# Chapter 26: Magnetic Field and Electromagnetism

Magnetic Fields
A force field in which a magnet, a wire carrying current or a moving charge experience a force is magnetic field. Magnetic fields are produced by current-carrying conductors or by permanent magnets. An electromagnet makes use of the magnetic field created by an electric current; which a coil is used to concentrate the magnetic field which is called solenoid.

Current Carrying Wire
When a current flows through a straight piece of wire it creates a circular magnetic field. The right hand grip rule shows us direction of magnetic field. If we use our right hand and do a thumps up then thumb is the direction of the conventional current and the fingers point the direction of the field line

Fleming’s Left Hand Rule

This rule links the direction of the force, magnetic field and conventional current which are all at right angles to each other. Your first finger points from north to south, middle finger points from positive to negative and thumb points in the direction of the force.

Magnetic flux density

The strength of the magnetic field is known as its magnetic flux density, B.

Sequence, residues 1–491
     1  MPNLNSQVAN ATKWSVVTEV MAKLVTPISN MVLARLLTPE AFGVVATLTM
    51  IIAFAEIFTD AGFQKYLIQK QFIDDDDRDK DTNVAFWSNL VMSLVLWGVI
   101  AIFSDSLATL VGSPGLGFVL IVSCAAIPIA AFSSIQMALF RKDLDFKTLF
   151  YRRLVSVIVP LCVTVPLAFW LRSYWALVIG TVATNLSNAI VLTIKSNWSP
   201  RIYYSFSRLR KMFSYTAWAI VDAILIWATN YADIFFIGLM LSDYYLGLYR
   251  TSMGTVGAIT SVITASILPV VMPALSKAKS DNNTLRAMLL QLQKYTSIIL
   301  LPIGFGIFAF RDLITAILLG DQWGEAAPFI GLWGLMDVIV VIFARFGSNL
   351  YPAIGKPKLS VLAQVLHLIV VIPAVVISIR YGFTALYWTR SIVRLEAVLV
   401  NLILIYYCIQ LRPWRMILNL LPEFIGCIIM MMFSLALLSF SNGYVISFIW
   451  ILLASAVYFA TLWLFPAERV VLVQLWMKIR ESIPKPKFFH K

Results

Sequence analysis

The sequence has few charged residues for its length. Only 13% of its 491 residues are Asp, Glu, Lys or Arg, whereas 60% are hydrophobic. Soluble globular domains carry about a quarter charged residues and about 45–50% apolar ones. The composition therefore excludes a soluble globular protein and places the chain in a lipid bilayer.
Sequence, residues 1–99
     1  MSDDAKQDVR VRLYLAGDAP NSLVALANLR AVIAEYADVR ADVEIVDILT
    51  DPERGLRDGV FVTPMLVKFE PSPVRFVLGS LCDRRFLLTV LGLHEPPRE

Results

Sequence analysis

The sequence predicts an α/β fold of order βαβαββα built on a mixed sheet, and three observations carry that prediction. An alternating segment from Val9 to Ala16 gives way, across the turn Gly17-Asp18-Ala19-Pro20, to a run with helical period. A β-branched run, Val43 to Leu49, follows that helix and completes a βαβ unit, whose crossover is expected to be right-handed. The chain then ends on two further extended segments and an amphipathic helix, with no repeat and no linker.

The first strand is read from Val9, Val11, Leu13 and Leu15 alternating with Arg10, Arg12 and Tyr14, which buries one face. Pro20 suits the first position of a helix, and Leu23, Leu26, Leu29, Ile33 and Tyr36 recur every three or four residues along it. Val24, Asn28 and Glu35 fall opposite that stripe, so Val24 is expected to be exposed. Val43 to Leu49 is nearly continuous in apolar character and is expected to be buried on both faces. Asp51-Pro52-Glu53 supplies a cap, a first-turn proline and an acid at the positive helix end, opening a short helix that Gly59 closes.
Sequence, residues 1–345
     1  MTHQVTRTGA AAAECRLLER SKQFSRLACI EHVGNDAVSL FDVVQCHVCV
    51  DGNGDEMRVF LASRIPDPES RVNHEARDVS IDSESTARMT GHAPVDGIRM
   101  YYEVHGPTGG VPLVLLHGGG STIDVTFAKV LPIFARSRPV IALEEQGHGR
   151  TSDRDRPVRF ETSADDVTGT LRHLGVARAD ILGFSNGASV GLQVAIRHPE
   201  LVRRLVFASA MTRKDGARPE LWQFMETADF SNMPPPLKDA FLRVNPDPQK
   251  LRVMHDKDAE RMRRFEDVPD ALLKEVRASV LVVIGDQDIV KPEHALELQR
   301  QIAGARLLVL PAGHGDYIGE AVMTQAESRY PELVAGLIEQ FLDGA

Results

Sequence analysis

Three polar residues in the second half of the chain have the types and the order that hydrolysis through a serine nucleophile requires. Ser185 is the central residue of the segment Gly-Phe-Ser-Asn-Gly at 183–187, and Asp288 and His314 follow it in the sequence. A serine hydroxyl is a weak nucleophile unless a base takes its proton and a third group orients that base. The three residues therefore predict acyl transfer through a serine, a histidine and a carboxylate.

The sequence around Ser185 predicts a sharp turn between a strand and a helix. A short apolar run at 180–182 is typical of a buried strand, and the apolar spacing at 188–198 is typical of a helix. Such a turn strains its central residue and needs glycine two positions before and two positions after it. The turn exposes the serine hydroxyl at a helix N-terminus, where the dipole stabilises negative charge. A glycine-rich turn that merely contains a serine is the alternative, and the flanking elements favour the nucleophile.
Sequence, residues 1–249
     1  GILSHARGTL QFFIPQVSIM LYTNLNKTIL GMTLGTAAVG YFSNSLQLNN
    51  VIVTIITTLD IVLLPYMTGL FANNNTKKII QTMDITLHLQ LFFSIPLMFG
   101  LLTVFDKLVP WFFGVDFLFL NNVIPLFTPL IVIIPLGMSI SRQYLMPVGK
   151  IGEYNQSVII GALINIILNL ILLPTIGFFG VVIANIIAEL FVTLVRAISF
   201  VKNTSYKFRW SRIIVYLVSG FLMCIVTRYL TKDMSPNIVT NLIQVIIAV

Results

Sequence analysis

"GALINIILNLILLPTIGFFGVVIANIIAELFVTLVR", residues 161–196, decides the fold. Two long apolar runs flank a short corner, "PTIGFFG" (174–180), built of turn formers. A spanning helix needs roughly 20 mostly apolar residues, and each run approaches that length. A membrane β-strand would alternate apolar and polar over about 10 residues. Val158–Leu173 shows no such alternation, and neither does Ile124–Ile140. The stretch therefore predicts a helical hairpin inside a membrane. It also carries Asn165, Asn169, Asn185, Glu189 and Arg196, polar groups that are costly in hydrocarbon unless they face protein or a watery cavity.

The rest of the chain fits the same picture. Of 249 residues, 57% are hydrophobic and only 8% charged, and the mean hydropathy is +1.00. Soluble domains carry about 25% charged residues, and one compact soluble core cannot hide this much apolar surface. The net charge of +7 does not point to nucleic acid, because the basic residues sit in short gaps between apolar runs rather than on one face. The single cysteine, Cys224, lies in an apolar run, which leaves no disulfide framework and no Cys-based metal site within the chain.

The magnetic flux density is greater at the closed poles and gets weaker as you move away from it.

From the gravitational field strength g at a point we get;

g = F/m

Electric field strength E is defined as;

E = F/Q

The magnetic flux density at a point is the force experienced per unit length by a long straight conductor carrying unit current and placed at right angles to the field at that point;

B = F/IL

Where F is the force experienced, I is current in conductor and L is the length of the conductor.

Current Crossing Fields

The magnetic fields circle around and in the space between the wires there is an extra-strong field, creating repulsive force on the two wires. In the space between the two wires, the magnetic fields cancel out hence the wires are pushed together.

F = (B sinθ) IL

F = BIL sinθ